Italian far-right group leaders arrested after violent clashes in Rome

Italian police on Sunday arrested 12 members of neo-fascist group Forza Nuova following violent clashes this weekend. Many have called for the organisation to be disbanded.

An Italian protestor squares up to riot police during protests against the 'green pass'.
An Italian protestor squares up to riot police during protests against the 'green pass'. Far-right thugs have been arrested. (Photo by Tiziana FABI / AFP)

Thousands of people gathered to demonstrate against anti-coronavirus measures in central Rome on Saturday, with some protesters later clashing with police.

Members of Forza Nuova took part in the demonstrations before reportedly wrecking premises including the headquarters of the CGIL trade union federation, which the group attacked and occupied.

Police deployed water cannon and tear gas to disperse crowds over several hours of unrest, as several hundred people broke away from the main demonstration and attempted to reach minister’s office.

Italian media reported that 38 police officers were injured in the clashes.

A number of photos and videos have emerged of mostly male protestors giving fascist salutes. 

Local media also reported that among 12 people arrested were Roberto Fiore, Forza Nuova’s national secretary, and Giuliano Castellino, the movement’s chief in Rome.

“The people behind the assault on CGIL’s headquarters were quickly arrested. They had been stoking tension and violence for too long,” said MP Federico Fornaro.

READ ALSO: Anti-vax protesters in Rome target PM’s office and trade union headquarters

“Fascist violence must be stopped immediately,” said senator Andrea Marcucci.

Formed in 1997, the neo-fascist party Forza Nuova calls for an abortion ban, a total halt to immigration and the repeal of hate speech laws.

It has never achieved a score of even 0.5 percent at any election, even when allied with other far-right groups.

Mostly centrist and left-leaning politicians have now called for it to be banned.

“We’ve had enough of violence by neo-fascist groups. We will bring an urgent motion before parliament tomorrow calling on the government to dissolve Forza Nuova,” leading Democratic Party (PD) lawmaker Emanuele Fiano said.

A number of other MPs and members of Prime Minister Mario Draghi’s government back the move.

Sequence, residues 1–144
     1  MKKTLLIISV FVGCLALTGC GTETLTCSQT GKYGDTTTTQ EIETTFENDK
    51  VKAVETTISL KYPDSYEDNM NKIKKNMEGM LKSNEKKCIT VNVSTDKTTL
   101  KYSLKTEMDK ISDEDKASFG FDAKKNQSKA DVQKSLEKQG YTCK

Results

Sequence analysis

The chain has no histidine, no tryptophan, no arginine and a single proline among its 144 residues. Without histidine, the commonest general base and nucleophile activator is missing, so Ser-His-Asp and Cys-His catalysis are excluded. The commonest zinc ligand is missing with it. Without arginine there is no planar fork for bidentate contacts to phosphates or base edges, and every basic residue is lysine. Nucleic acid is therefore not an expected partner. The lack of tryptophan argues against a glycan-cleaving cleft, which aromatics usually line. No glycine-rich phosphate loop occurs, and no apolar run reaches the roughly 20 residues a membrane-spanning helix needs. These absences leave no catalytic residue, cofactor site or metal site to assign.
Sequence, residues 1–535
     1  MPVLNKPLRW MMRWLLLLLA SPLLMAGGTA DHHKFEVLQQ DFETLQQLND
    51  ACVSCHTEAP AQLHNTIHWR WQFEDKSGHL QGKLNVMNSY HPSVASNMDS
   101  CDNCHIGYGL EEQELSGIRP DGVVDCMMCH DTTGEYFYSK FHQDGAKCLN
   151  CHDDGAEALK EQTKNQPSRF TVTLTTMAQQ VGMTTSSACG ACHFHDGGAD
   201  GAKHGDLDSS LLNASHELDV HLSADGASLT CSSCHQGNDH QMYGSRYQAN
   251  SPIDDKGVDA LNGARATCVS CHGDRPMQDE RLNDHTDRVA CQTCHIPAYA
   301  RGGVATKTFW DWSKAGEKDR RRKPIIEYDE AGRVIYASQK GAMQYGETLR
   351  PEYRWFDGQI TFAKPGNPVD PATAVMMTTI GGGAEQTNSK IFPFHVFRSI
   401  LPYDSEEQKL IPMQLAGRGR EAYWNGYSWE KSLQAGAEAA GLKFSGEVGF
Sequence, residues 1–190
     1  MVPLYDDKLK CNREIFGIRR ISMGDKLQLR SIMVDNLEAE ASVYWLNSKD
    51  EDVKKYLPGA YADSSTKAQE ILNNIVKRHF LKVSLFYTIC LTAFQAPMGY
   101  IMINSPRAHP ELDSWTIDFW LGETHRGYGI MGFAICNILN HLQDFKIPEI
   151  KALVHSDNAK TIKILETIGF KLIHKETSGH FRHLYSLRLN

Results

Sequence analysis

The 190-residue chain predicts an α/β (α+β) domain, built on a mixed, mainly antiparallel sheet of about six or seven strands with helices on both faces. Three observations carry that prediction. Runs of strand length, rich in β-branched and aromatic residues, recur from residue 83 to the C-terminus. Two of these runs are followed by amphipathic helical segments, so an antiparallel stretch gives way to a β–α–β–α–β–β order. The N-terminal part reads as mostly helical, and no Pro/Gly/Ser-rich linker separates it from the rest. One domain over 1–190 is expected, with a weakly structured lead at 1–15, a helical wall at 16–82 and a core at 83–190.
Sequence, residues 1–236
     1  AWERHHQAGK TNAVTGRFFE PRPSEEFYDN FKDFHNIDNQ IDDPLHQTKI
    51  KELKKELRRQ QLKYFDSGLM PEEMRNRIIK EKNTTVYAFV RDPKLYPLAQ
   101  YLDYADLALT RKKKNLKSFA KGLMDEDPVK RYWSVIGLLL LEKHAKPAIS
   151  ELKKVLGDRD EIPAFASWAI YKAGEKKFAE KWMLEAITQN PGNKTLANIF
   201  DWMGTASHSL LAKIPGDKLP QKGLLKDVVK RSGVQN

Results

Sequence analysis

READ ALSO: Mussolini’s granddaughter tops polls for Rome local election

Speaking outside the union body’s wrecked headquarters, CGIL chief Maurizio Landini called for Forza Nuova to be banned and announced an anti-fascist demonstration for Saturday October 16.

“They can’t intimidate us, they don’t scare us,” he told a crowd gathered to support CGIL after the violence.

Draghi’s office denounced Saturday’s violence in a statement. “The right to express one’s ideas can never degenerate into acts of aggression and intimidation,” it said.

“The Government stands by its commitment to complete the Covid-19 vaccination campaign and thanks the millions of Italians who have already taken part with conviction and a sense of civic duty.” 

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‘I love Italy’: Jason Momoa apologises over Sistine Chapel photos

US actor Jason Momoa apologised after fans reacted angrily to him taking snaps in the Vatican's Sistine Chapel despite a strict photography ban.

'I love Italy': Jason Momoa apologises over Sistine Chapel photos

Anyone who has visited the Sistine Chapel will recall the firm and repeated warnings from security staff: “no photos, please”.

But there has been an outcry in Italy and beyond after ‘Aquaman’ star Jason Momoa apparently paid to be allowed to disregard this rule on a recent visit to the Vatican City with friends.

Momoa. 42, is currently in Rome shooting ‘Fast X’, the 10th installment in the ‘Fast & Furious’ film saga.

He posted snaps and videos of himself on May 9th posing below the famous frescoes painted by Michelangelo with friends and what appear to be Vatican Museums staff.

But disgruntled fans quickly pointed out in the comments that visitors are typically forbidden from taking photos or videos in the chapel.
“We can’t take pics but celebrities can, nothing against Jason (I adore him) but it’s not fair,” one person wrote.

“All I remember about that place was ‘no photos please’,” another person wrote.

Others took issue with a video showing him reaching over a rope barrier to touch a sculpture. 

“I cringed when he rubbed his hands on the art … not cool, dude,” one person commented.

On Saturday, Momoa posted another video in which he apologised for causing offence.
“If you ever thought I disrespected your culture, that wasn’t my intention,” he said in the video, in which he appears shirtless in the gym apparently following a workout.
He said he had given the chapel “a wonderful donation to bring my friends and crew because we only had a couple days off to go experience these places.”

“I would never want to do anything to disrespect someone’s culture,” he added.

“So if I did, I apologise and it wasn’t my intention. And I definitely paid to have that private moment and gave a nice donation to the church.”

The Sistine Chapel and the rest of the Vatican Museums complex is currently open to visitors as normal, following closures and limitations on visitor numbers amid the coronavirus pandemic.

Regular online tickets cost €17 (around $21) via the official Vatican website. It is also possible to book a two-hour private tour of the Vatican Museums for €78 per person – though the booking website doesn’t mention any exceptions to the photography ban in the Sistine Chapel.